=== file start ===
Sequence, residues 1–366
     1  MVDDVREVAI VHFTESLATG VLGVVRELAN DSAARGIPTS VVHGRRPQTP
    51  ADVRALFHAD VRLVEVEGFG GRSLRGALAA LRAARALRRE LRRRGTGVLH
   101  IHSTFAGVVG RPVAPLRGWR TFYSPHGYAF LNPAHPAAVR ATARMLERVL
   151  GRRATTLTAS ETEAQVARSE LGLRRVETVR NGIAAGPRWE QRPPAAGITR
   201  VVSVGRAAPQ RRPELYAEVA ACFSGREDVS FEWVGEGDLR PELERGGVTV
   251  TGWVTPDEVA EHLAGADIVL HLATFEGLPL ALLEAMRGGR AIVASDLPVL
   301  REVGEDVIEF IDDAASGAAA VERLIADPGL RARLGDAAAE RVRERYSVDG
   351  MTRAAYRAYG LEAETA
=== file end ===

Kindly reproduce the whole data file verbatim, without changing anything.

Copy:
Sequence, residues 1–366
     1  MVDDVREVAI VHFTESLATG VLGVVRELAN DSAARGIPTS VVHGRRPQTP
    51  ADVRALFHAD VRLVEVEGFG GRSLRGALAA LRAARALRRE LRRRGTGVLH
   101  IHSTFAGVVG RPVAPLRGWR TFYSPHGYAF LNPAHPAAVR ATARMLERVL
   151  GRRATTLTAS ETEAQVARSE LGLRRVETVR NGIAAGPRWE QRPPAAGITR
   201  VVSVGRAAPQ RRPELYAEVA ACFSGREDVS FEWVGEGDLR PELERGGVTV
   251  TGWVTPDEVA EHLAGADIVL HLATFEGLPL ALLEAMRGGR AIVASDLPVL
   301  REVGEDVIEF IDDAASGAAA VERLIADPGL RARLGDAAAE RVRERYSVDG
   351  MTRAAYRAYG LEAETA